If we can chase the idealists, ideologues, and moralists out of the temple, we may see that the practical act of providing economic incentives may be able to do more for access than any resolution from Budapest, Bayonne, Bethesda, or Berlin. The market works, and when it doesn’t, things quietly go away. So why all the fuss? Let’s give Publisher B a crack at this.

Joseph Esposito

Joseph Esposito

Joe Esposito is a management consultant for the publishing and digital services industries. Joe focuses on organizational strategy and new business development. He is active in both the for-profit and not-for-profit areas.

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Discussion

27 Thoughts on "Getting Beyond "Post and Forget" Open Access"

Joe is correct to point to the incentives. In this example, Publisher A’s incentive is entirely author-focused and there is no economic return for Publisher A to grow the audience beyond that which is needed to attract authors (which, in my experience, is usually pretty small). Publisher B, on the other hand, has every incentive to build an audience since it goes out of existence if it fails. However, Publisher B will find diminishing returns as audience-size grows and will cease to make efforts once a sufficient audience is found to cover their costs and make a return on their investment. They are likely to rely on institution subscriptions and thus lock out those who do not have the benefit of being supported by an institutional library. So, there are flaws, in terms of maximising audience size, in both the OA and reader-pays models. There is also a degree of market inefficiency in this Publisher A and Publisher B scenario – for example, two sets of set-up and hosting costs plus the problem of a reader finding the paid-for version and bouncing off the paywall ignorant of the fact a free version is available elsewhere.

This is why at OECD we believe Freemium OA is an approach worth pursuing. In this model, the same article is available in two different ‘wrappers’ – a basic, read-only, wrapper that is free to all and a value-added wrapper available against payment. As with other freemium businesses, only a small proportion of readers will opt for the value-added version and pay. What does this mean? Well, it means the publisher has to find as large an audience as possible for the article because only a small proportion will pay – and the larger the audience, the greater the income. So, unlike Publisher A or Publisher B, the Freemium publisher has every incentive to keep growing the audience. Unlike traditional OA/paid models where access is black and white (either you have access or you don’t), Freemium allows greater flexibility in access models while guaranteeing free access to the content to all. This flexibility extends to accommodating Gold OA – if a funder wishes to cover all costs, including those of the value-added wrapper, then the paywall can be completely lifted on all versions. When a funder can’t afford Gold, the flexibility of Freemium enables a publisher to experiment with more models, e.g. to give readers a quota of value-wrapped articles in exchange for registration, or the rights to publish the reader’s own work – the possibilities are endless. Importantly, from a reader’s perspective, Freemium is much better than Green OA or the Publisher A and B example because all the versions of the article are hosted in the same place online – find one version and you’ve found them all – much more efficient and satisfactory.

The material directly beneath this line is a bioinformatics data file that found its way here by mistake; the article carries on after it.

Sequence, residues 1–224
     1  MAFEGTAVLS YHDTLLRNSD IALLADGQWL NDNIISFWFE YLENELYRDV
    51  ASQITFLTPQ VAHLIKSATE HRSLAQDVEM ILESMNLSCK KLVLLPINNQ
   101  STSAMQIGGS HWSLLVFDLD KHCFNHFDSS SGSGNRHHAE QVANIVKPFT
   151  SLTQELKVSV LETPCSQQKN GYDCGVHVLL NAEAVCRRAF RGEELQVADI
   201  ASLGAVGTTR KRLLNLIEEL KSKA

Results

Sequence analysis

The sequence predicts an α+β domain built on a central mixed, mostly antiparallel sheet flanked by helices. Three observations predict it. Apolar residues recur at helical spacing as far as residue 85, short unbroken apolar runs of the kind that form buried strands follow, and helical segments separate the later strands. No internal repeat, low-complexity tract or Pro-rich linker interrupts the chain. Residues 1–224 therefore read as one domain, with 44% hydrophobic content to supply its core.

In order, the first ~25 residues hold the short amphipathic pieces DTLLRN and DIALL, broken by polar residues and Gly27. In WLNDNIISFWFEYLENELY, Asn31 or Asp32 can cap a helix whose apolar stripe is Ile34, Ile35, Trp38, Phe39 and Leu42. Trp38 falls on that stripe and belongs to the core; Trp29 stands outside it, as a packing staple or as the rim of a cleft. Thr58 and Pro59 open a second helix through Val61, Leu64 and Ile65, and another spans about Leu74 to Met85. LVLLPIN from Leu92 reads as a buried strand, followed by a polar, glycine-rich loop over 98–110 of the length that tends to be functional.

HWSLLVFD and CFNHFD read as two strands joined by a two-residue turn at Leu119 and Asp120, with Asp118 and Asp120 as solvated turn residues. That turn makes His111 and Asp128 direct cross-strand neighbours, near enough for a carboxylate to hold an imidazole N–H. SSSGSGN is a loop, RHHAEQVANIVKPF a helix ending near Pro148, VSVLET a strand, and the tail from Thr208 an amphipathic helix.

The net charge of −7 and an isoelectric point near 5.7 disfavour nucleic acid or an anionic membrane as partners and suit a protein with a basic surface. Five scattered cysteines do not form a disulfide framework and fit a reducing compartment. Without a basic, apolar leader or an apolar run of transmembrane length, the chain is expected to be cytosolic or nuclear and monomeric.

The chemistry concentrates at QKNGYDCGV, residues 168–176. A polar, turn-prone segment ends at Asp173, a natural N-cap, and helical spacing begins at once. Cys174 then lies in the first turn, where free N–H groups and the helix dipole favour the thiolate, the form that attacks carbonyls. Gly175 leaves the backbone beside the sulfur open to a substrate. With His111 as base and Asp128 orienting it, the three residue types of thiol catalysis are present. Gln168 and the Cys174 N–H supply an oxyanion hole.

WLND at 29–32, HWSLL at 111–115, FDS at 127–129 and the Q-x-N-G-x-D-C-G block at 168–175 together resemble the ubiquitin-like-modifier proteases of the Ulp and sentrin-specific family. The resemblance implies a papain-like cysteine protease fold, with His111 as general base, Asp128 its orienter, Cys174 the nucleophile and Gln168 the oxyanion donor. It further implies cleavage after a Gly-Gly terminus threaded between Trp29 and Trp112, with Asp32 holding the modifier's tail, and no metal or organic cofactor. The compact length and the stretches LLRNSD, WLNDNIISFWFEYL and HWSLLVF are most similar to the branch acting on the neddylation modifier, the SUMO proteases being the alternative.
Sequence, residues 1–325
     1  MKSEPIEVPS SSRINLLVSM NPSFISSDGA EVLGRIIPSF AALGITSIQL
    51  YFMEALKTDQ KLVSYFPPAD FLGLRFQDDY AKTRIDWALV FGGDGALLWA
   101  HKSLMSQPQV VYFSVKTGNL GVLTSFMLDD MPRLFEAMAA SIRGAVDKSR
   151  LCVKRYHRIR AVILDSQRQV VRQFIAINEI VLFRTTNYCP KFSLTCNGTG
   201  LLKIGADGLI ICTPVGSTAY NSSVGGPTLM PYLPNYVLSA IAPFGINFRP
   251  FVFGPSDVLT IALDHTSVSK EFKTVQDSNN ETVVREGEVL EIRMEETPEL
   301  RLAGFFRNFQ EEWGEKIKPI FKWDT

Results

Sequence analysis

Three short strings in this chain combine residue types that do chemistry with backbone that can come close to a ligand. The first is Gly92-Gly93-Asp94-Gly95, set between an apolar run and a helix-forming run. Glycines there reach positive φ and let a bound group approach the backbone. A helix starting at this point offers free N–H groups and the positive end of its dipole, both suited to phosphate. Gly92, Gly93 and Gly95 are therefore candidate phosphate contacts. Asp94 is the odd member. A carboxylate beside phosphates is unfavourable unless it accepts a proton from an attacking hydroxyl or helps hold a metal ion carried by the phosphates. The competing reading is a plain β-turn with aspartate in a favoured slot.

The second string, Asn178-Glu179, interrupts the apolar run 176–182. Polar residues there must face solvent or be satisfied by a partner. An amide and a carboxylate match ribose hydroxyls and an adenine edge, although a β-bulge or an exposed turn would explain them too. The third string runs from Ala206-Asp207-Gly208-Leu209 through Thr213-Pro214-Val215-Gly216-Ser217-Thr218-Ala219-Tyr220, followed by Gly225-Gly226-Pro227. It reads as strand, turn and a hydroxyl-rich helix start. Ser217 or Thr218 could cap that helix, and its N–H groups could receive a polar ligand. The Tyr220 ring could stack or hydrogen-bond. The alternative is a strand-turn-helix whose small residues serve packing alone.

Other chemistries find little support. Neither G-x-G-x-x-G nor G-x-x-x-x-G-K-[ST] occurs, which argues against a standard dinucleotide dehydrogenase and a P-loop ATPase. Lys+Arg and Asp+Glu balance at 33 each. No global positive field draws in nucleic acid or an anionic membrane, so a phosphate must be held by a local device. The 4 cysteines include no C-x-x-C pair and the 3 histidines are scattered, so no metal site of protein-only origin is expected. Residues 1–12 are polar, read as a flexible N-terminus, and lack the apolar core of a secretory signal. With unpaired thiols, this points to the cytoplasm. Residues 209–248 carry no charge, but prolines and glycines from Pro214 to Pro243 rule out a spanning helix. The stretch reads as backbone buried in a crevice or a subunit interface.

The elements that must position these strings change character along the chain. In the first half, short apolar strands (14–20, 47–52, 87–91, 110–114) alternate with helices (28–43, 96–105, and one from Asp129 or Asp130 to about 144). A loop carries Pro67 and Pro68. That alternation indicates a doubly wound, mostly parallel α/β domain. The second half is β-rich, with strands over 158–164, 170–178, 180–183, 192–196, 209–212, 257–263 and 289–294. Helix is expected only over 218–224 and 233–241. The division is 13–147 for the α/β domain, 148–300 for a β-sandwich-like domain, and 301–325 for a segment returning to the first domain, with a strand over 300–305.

We’ve been developing our Freemium OA model for a number of years and the results, especially in terms of growing audience size, have been remarkable – and we’re still in business.

Toby Green

In the UK there has been a move to make British government information openly available without restrictions since 1997 with a gradual perception of what can be done and what should be done and a long fight with organs of government who are keen on the income to support the costs of the services they offer. The argument for no restrictions as it has unfolded is that commercial companies should be able to add value to the raw data and gain an income from the value that it added. There is a lot of precedent – for example patents. The value added cannot be added unless it is paid for. Why penalise users who might benefit? An example from our own sector is CLINICAL KEY the Elsevier resource for clinicians which (as I understand) involved massively expensive semantic work which could have been done and might be in the future if all the sources were open access. In other words I agree with Joe

I’m not so sure that “Publisher A is indifferent”, I think publisher A rather wants to strangle publisher B only cannot legally do so.

Publisher A are entitled to do exactly what Publisher B are doing… as long as they also maintain access to an open access copy of the article. So Publisher A could publish the article open access, under a CC-BY licence… but then also sell a purchase-access version as well. Obviously, they would need to add some value to this version to make this sustainable, but as this post indicates, if they can do that, this then provides access to the original authors work to a different, or wider audience – and the CC-BY licence requires that the original author’s work is attributed to them, irrespective of how it is subsequently used (the author retains the moral rights to have their name removed from this attribution if they so wish).

I think the key question is not whether a commercial version is made available, and attracts a wider readership, but if Publisher A continus to meet its obligations to market and promote the open access version, or lets this slide into obscurity to maximise profit from the ‘pay-to-view’ version.

Hi,

This is my first time commenting on anything on SK and I am relatively new to the industry so please excuse me if my question makes some of you roll your eyes. I have never understood why reprints of OA articles licensed as CCBY are not CCBY as well — it doesn’t make much sense that a copy of an article wouldn’t need the same licensing. Can anyone clear this up for me?